Joshua Zeichner, MD, and Vikash Oza, MD, discuss characteristics of type 2 inflammation and the impact of itching on pediatric patients with atopic dermatitis.
Joshua Zeichner, MD: Hello, and thank you for joining us for this Dermatology Times® Around the Practice series. I’m Dr Joshua Zeichner. I’m an associate professor of dermatology and the director of cosmetic and clinical research in dermatology at Mount Sinai Hospital in New York, New York. In this series, I’ll be moderating a panel discussion and a case study review on new directions in the management of atopic dermatitis.
Joining us are Dr Brittany Craiglow, a dermatologist at the Dermatology Physicians of Connecticut and an adjunct associate professor at Yale School of Medicine in New Haven, Connecticut; Dr Lisa Swanson, a pediatric dermatologist at St. Luke’s Health System in Meridian, Idaho; Dr Vikash Oza, the director of pediatric dermatology at NYU Langone Health and an associate professor of dermatology and pediatrics at the NYU Grossman School of Medicine; and Dr Raj Chovatiya, an assistant professor of dermatology at Northwestern University Feinberg School of Medicine in Chicago, Illinois. Welcome, everybody.
In addition to discussing the newest updates in the field, we’ll also be exploring 3 patient cases. Let’s get started. Let’s start by talking about the characteristics of type 2 inflammation. What’s the role of cytokines in the development of inflammation in atopic dermatitis? Vikash, tell us about this.
Vikash Oza, MD: As with any inflammatory disorders, the specific types of cytokines play a large role. A lot of times we parallel atopic dermatitis with psoriasis, and we’ve learned with all these new biological therapies in psoriasis that having a target for specific cytokines can make a huge impact on disease control. That’s true in eczema. We think of eczema as this classical type 2 inflammatory disorder, so certain key cytokines play a large role in driving the disease state. We know about the type 2 specific ones, IL-4 and IL-13, with specific interest in IL-13 playing a large role in atopic control. Now that Dupixent [dupilumab] has been out for a while, we’ve learned how targeting those cytokines can make a huge difference in terms of the disease state.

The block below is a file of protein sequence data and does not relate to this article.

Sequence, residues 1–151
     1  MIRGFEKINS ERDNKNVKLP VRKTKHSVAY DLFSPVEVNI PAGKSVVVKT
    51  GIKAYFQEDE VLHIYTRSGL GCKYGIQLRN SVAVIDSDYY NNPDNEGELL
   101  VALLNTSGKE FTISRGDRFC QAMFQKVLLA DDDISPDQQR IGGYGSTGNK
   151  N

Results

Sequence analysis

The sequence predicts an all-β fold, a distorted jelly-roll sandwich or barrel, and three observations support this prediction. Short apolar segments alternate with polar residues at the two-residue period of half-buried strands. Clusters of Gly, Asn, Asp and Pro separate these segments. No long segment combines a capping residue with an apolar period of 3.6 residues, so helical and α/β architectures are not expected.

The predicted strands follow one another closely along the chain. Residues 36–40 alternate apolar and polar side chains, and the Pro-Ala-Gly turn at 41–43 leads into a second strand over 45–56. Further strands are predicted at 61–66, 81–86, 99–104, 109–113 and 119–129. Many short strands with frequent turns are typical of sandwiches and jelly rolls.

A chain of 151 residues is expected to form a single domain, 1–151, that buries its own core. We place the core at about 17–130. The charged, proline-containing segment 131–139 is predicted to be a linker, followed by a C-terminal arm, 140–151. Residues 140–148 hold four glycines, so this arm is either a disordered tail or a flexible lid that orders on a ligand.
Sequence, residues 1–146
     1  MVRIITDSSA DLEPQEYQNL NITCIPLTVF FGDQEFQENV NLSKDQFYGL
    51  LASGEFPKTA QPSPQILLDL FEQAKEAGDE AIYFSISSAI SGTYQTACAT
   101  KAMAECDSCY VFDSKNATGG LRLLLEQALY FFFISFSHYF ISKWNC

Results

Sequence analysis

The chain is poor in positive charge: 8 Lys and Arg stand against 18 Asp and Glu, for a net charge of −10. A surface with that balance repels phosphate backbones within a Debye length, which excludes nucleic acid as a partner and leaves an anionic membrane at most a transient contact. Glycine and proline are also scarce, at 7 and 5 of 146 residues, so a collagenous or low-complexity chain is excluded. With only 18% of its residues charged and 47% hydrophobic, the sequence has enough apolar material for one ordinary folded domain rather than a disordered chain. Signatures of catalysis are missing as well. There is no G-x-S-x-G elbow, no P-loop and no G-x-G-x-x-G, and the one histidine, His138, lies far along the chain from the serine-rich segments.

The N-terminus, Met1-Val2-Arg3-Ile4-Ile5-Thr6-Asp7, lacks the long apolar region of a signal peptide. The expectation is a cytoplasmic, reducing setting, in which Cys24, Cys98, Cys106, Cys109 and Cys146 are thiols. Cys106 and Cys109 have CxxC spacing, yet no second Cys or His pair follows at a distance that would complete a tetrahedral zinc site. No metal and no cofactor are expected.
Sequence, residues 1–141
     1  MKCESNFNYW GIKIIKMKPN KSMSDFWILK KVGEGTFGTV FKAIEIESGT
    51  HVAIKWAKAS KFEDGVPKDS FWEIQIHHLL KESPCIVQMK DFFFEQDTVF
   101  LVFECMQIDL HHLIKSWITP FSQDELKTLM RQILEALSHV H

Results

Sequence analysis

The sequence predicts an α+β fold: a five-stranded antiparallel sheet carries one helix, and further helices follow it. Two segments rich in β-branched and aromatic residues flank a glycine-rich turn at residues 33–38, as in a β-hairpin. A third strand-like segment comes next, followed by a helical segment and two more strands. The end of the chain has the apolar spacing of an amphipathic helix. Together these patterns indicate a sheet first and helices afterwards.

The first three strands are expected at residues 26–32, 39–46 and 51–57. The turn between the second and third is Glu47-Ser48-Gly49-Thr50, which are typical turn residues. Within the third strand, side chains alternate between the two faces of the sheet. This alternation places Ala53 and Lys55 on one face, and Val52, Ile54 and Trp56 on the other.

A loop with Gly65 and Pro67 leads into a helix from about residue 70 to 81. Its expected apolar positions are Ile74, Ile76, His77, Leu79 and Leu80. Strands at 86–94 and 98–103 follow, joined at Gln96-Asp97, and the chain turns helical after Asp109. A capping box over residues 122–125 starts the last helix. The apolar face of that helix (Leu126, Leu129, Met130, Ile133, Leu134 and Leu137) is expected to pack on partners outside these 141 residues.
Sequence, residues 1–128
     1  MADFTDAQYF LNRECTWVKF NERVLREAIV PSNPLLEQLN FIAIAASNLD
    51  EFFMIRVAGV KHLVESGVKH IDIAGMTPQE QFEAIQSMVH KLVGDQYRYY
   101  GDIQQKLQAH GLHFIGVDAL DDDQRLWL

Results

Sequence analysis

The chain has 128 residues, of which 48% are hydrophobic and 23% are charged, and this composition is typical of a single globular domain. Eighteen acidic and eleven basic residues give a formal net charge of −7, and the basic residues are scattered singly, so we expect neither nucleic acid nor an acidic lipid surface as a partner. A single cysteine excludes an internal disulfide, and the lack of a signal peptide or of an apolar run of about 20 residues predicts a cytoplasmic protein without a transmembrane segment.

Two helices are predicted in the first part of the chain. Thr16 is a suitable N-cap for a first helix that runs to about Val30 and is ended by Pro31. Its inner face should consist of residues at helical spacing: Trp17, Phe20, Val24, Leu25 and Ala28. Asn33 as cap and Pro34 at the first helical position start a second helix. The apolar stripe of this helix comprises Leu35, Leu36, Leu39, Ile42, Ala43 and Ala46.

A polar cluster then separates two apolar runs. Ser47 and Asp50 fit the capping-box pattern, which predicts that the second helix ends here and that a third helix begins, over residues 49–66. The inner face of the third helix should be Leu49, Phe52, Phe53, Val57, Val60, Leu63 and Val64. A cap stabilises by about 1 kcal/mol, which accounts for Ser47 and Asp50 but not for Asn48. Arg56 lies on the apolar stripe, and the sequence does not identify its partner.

It’s also true that when we look at different patient populations, we see Th2 and Th22 upregulated in young children, profiles of Th1 in older patients, and Th17 in East Asian patients. There are variations in the immunologic profile across ethnic groups and age, but at the core, we still see an important role that Th2 cytokines play because we know that dupilumab is pretty effective across that group. Even though we learn about different signatures and immune pathways, there’s a lot of crosstalk, and they don’t exist in silos. It has been the advancement of our basic science understanding of the immunopathogenesis that has helped drive this flood of new potential therapies that we have coming to the clinic.
Joshua Zeichner, MD: It’s so interesting that aside from the type 2 cytokines being involved in the inflammation that we see, there are also structural changes in the stratum corneum and skin barrier. Talk to us about that a little.
Vikash Oza, MD: We see a tight interplay between so many elements, whether we’re talking about our lipid bilayer and how successful we are in controlling trans epidermal water loss. When we downregulate the inflammatory pathways, we see recovery of that. When we’re talking about the microbiome, which is so critical in atopic dermatitis pathogenesis, and the colonization of staph aureus, targeting those inflammatory cytokines help recuperate a more diverse microbiome. There’s a very tight interplay between the complex biology of the bilayer as well as our microbiome and the inflammatory cascade that lies underneath.
Joshua Zeichner, MD: What about itch? Itch is a huge issue in atopic and nonatopic patients, but we know that eczema-related itch is different from other types. Talk to us a little about type 2 cytokines and eczema-related itch.
Vikash Oza, MD: There are certain cytokines that play an important role in driving itch, with IL-31 being 1 of them. In clinical trials, we have agents targeting IL-31 to help reduce itch. Certain therapies may help reduce itch quicker. We know that with our JAK inhibitors compared with dupilumab. Clearly, a lot of the inflammatory cascades help drive our signal for itch. As medical students, we learned about the itch-scratch cycle, which disrupts your skin. Altering that in and of itself helps perpetuate inflammatory cycles.
Joshua Zeichner, MD: We definitely see that systemic treatments for our patients with atopic dermatitis using agents that address IL-4 and IL-13 help that inflammatory process and significantly reduce itch.
Transcript Edited for Clarity